Sterling was one of the main losers in forex trading on Thursday and into Friday.
The dip in the value of the pound came after Britain continued to fail to strike a trade deal with the European Union ahead of the end-of-year deadline.
The two sides have until the start of 2021 to come to an agreement in order to avert the possibility of a ‘no deal’ outcome.
The US dollar gained against the pound as a result.
Sterling was seen at $1.3281 in this pair at one stage, which meant that it lost the best position it has been at in nearly a year.
In Europe, however, the single currency appeared to be preparing for a positive day.
Analysts were expecting that a data release covering German manufacturing levels in the month of January will go up by 5%.
Even though this is negligible when compared to the bigger picture, it could still provide a crucial sign that the EU bloc is beginning to bounce back following the pandemic.
Elsewhere around the world, the dollar index, which monitors the currency’s performance compared to several global competitors, barely moved.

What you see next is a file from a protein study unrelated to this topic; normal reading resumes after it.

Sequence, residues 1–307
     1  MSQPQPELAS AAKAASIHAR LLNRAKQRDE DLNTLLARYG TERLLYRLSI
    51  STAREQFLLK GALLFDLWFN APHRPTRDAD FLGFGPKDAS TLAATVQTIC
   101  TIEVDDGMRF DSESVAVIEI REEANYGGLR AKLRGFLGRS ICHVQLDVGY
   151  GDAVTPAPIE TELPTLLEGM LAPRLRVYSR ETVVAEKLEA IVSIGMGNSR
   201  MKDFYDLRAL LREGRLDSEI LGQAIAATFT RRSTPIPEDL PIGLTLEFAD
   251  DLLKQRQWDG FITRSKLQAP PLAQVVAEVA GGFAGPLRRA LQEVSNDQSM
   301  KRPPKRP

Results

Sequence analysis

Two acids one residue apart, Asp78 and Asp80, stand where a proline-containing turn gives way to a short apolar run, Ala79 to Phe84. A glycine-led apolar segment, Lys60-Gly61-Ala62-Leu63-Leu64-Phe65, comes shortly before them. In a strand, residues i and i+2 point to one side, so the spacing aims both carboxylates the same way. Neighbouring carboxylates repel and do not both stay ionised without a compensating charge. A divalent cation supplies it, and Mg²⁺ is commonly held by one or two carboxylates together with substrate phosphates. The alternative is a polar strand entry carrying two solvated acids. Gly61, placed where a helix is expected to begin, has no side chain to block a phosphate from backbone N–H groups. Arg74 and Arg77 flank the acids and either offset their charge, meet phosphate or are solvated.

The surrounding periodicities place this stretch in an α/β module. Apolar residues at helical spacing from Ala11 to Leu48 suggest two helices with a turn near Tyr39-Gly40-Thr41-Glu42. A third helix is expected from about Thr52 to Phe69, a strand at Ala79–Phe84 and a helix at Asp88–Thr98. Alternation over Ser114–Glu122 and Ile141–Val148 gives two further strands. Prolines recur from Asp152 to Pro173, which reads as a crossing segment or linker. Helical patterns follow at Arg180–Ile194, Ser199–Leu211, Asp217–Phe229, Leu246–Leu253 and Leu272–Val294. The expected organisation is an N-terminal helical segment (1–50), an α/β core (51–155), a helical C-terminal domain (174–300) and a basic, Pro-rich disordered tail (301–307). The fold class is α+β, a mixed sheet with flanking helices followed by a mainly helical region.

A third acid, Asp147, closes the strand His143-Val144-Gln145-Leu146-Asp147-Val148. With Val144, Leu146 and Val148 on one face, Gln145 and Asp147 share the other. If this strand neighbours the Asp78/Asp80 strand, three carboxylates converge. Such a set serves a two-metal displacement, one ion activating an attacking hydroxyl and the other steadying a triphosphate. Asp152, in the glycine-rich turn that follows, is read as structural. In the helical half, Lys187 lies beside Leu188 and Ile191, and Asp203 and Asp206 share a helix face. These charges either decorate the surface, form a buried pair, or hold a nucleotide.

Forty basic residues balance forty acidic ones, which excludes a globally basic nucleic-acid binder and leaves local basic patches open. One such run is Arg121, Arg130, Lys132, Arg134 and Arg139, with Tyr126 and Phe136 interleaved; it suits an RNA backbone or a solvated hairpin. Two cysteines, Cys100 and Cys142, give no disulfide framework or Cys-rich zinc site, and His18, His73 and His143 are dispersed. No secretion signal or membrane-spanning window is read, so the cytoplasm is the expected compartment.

It was logged by traders at City Index and elsewhere at 92.774 at one stage, despite the fact that the currency went up against the pound.
The currency continues to suffer amid a perception among traders that the Federal Reserve’s commitment to low interest rates and average inflation targets will persist for the medium term.
The Australian dollar managed to get back on its feet at one stage on Thursday and into Friday.
The currency was plunged into problems earlier in the week after it was revealed that the major Asia-Pacific economy had gone back into recession due to the pandemic.
However, it was seen at $0.7272 in the markets following an announcement that retail sales in the country were back on the rise.
The New Zealand dollar was also back on the up after a series of problems.
It was seen at $0.6706 in its pair with the greenback.
One of the key events on the cards on Friday will be a data release from the US looking at the jobs market in the pandemic-battered economy.
It is expected that jobs outside of agriculture will have risen by around 1.4m across August.
If this was to materialise, it would mark a downturn from the month before – when there were around 1.763m jobs created by the same metric.
Part of the reason for the US’s post-pandemic problems, say some market watchers, is that the federal government cannot agree on a sophisticated or remotely large package of responses.
With the Federal Reserve likely to continue to keep interest rates at their low levels for an extended period of time, the dollar’s long-term outlook seems to be somewhat pessimistic.